Pierre Kjellberg, L'encyclopédie de la Pendule Francaise, les éditions de l'amateur, 1997, p.487, fig.C; Christie's London, Important Clocks and Marine Chronometers, 5 July 2006, lot 89; Sotheby's New York, The Joseph M. Meraux Collection of Rare and Unusual Clocks, 28 June 1993, lot 47.
Known as 'Les Wallaces' the Wallace fountains have become symbols of Paris. They were a gift from the English philanthropist Sir Richard Wallace to the City of Paris in 1872. Sir Richard donated fifty of them (to which the City later added another thirty-six of identical design) in order that the public could have constant free drinking water in the streets of Paris. Wallace commissioned the design from the French sculptor Charles-August Lebourg. The four goddesses supporting the roof of the fountain represent Simplicity, Temperence, Charity & Goodness. A thin trickle of water flows down the centre of each fountain between the statues and and originally there were two cups on chain attached to them. The fountains work from March 15 to November 15.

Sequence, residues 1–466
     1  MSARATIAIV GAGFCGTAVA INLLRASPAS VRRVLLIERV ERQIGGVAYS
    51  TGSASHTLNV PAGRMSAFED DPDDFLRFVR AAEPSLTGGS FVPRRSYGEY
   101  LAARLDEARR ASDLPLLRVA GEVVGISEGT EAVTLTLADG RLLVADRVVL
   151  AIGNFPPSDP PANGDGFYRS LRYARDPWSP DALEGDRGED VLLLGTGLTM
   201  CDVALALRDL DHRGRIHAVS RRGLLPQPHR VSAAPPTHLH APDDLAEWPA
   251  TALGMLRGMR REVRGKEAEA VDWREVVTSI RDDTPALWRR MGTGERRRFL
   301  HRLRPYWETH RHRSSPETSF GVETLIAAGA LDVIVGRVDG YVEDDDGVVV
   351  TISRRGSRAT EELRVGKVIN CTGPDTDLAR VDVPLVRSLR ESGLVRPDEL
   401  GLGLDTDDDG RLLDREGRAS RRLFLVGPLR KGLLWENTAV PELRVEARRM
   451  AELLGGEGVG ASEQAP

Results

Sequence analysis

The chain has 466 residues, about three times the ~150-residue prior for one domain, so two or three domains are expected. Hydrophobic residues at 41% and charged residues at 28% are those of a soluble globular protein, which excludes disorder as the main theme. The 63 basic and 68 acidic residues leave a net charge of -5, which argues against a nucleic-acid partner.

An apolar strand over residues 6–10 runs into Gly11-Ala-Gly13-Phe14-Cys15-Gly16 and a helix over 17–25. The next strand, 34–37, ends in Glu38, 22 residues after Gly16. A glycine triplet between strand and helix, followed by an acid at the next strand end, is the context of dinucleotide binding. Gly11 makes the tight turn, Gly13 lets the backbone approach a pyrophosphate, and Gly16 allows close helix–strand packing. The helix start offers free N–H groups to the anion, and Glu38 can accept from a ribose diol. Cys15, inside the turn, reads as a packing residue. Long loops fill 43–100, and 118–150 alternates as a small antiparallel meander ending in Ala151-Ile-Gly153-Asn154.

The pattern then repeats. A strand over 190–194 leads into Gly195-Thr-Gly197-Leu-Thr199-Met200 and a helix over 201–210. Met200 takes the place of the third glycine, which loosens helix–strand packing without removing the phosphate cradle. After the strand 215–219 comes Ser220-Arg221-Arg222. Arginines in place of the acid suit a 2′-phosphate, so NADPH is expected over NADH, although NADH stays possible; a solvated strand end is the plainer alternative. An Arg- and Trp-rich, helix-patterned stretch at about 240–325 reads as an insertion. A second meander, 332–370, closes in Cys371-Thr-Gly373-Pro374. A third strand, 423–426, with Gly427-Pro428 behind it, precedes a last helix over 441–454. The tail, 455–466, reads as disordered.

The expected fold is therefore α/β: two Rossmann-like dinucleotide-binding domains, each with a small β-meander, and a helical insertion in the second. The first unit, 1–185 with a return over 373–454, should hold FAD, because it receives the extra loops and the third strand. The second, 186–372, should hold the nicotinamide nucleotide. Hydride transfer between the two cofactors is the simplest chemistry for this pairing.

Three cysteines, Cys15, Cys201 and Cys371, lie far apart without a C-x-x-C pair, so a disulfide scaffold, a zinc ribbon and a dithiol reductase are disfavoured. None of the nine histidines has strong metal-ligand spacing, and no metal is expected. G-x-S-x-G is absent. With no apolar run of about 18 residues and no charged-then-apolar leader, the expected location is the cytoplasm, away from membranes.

The present clock is based on Wallace's large model. Cast in iron and painted green these stand some 2.71 metres high and weigh 610 kilograms.